Skyway Bridge History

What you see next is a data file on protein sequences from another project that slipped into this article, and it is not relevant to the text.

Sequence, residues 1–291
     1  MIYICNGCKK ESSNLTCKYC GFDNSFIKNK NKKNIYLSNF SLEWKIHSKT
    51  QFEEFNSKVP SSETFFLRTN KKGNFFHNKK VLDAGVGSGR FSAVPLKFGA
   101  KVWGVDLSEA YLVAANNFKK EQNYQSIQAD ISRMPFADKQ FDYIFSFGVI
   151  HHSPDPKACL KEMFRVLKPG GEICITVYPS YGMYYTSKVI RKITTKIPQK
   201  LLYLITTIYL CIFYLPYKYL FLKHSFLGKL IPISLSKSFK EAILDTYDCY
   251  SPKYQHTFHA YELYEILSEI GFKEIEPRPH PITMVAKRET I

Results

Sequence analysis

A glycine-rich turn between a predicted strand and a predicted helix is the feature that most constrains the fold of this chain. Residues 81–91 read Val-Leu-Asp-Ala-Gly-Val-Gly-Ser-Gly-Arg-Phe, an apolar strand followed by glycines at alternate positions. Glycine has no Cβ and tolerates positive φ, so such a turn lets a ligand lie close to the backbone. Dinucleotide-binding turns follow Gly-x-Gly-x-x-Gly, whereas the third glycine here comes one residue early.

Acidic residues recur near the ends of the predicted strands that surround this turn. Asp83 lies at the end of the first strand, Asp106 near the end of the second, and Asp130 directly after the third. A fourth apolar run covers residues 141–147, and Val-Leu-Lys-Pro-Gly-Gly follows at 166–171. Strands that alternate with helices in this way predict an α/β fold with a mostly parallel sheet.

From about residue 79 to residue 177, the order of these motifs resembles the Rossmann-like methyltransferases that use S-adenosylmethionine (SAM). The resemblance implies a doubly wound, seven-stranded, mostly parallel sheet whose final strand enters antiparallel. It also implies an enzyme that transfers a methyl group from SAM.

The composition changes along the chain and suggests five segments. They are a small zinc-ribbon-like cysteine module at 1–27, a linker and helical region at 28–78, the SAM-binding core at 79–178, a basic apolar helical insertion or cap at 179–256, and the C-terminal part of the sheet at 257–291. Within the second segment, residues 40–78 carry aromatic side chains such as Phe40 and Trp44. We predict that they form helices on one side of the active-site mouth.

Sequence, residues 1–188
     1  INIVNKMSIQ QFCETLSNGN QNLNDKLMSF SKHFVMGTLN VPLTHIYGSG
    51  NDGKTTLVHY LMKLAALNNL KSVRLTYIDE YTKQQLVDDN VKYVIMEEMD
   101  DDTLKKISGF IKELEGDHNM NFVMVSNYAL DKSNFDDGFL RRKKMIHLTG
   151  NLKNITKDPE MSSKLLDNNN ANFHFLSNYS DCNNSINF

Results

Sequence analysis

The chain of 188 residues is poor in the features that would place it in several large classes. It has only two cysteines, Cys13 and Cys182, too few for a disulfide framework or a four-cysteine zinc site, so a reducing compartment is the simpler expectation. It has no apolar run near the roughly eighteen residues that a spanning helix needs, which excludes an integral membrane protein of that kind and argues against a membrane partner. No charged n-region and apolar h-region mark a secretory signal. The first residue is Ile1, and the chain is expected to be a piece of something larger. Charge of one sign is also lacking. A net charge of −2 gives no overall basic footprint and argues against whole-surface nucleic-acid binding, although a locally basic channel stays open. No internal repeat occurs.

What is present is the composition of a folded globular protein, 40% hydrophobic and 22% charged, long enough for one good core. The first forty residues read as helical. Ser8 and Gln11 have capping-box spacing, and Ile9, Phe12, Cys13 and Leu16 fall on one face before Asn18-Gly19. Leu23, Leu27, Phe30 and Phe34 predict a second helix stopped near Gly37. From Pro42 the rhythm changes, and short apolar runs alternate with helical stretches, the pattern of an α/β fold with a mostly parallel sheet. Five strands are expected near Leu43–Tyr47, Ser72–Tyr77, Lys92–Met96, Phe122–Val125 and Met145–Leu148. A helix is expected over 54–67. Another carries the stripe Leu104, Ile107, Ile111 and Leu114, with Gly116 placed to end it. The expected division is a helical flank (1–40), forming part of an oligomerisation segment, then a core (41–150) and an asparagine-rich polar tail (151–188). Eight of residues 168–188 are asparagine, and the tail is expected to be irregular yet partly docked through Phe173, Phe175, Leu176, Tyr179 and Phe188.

After many years of Ferry service, construction began on the original Sunshine Skyway Bridge in 1950 and it was completed in 1954. The 4-mile-long bridge carried two lanes of US 19 traffic over the Tampa Bay, between St. Petersburg and Bradenton. It cost $22 million, and had a maximum height clearance of 150 feet and a shipping channel clearance of 864 feet, which was adequate for ships of that era. The name for the bridge was decided from a "name the bridge contest" that had about twenty thousand entries. The winner was Virginia Seymour who said "it just came to me, out of the blue". The only thing that gave many people the jitters was driving over the steel (see-through) grid roadway while crossing the shipping channel and the humming sound of a vehicle's tires. Construction on the "twin" southbound span began in 1967 and was finished in 1971. The new span cost $25 million and carried two lanes of southbound traffic, while the original now carried only northbound traffic. After the Skyway disaster there was a choice that had to be made: Repair or replace? Some wanted the bridge restored while others wanted a whole new bridge. After all, two way traffic was once again running on the 1954 span which led to occasional head-on collisions. Work began on replacing the original Skyway Bridge(s) in 1984 with an entirely new design and it was opened to traffic on April 20, 1987. On November 18, 2005 the bridge was officially named the Bob Graham Sunshine Skyway Bridge since Graham played an important role in the new bridge becoming a reality. Of course, the new bridge is bigger, stronger, safer and more majestic.
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